DEAR DR. BLONZ: Does coffee consumption interfere with attempts to get pregnant? I am 25 years old, in very good health, with no serious health problems. I have two cups of coffee during the morning hours, but nothing more during the rest of the day. I am more than willing to cut back if needed. -- S.T., Tulsa, Oklahoma
DEAR S.T.: Coffee and caffeine represent an ongoing topic of discussion and debate, especially regarding their potential impact on pregnancy. Concerns include the fact that caffeine can cross the placenta, and that the developing fetus has not yet developed an ability to metabolize it as mom can.
In a healthy adult, the half-life of caffeine is about three to four hours; that is the time it takes the body to reduce the level found in the blood by half. In the case of caffeine, that process includes changing it into nonstimulating substances in preparation for elimination. Interestingly, caffeine’s half-life rises for pregnant women to about 15 hours during the last trimester.
As to your specific question, studies have offered evidence on both sides of the risk argument, with some concluding that it is possibly safe, others concluding the opposite. In a typical study, the process would be to take a large population of similar individuals, ordering them according to coffee/caffeine intake. The population would then be split into groups from the lowest to the highest levels of intake, and the incidence of the health issue being studied would be examined to see if it reveals a significant effect.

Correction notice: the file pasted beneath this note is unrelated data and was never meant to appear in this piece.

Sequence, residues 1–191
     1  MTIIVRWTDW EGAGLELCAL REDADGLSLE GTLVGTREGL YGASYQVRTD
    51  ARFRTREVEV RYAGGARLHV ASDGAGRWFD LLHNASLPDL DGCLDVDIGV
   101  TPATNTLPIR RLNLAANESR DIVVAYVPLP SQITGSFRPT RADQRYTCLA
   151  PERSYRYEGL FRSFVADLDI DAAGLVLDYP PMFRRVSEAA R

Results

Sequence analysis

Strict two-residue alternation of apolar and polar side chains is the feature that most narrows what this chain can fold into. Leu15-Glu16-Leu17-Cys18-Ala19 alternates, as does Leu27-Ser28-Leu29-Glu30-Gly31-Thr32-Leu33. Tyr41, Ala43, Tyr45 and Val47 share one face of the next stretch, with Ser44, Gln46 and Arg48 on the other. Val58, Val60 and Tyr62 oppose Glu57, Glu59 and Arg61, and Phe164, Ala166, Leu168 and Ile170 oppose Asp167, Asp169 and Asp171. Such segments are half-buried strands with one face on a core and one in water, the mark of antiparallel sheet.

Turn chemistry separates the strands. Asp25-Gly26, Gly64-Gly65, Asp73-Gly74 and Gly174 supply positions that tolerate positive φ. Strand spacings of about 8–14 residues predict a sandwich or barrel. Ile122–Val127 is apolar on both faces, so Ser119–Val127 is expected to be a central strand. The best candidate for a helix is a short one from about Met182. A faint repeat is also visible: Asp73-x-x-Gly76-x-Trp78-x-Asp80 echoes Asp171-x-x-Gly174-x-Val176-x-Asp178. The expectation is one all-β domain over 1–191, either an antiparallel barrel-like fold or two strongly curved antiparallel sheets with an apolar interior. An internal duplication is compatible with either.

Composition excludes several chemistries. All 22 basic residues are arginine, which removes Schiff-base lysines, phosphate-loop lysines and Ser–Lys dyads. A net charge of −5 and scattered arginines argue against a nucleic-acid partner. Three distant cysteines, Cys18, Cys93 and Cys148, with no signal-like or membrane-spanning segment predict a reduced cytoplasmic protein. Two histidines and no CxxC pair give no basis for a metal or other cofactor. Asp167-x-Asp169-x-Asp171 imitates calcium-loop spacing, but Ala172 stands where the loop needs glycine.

Here are some examples of the coffee-pregnancy conundrum. One study indicates that having more than three cups a day can significantly affect your ability to conceive, but another finds no such association. Which study to believe?
What about an association between coffee consumption and the risk of miscarriage? A study in the journal Epidemiology reported no increase in risk with intakes of up to 200 milligrams per day, which is what you might find in about two cups of coffee (depends, of course, on the strength of the brew). But there is also a study in the American Journal of Obstetrics and Gynecology reporting an adjusted hazard ratio of 1.42 for caffeine intakes up to 200 milligrams per day. (A hazard ratio of 1.0 means no effect; the higher the number, the more significant the effect.) For caffeine intakes of 200 milligrams or more per day, the hazard ratio was 2.23. And a study in the January 1998 issue of Archives of Diseases of Children found an association between heavy coffee drinking during pregnancy (defined as over four cups a day) and the risk of sudden infant death syndrome (SIDS).
There is little in the scientific literature condemning light consumption of coffee (up to one cup a day). But a couple things should always be kept in mind: that coffee is not essential for the health of your child, and that there is no guaranteed-safe level of intake. Science, after all, has made mistakes, and of all the stages in life, pregnancy is not the time to entertain avoidable risks. Seems reasonable to eliminate caffeine, or at least keep it to an absolute minimum, and err on the side of safety.
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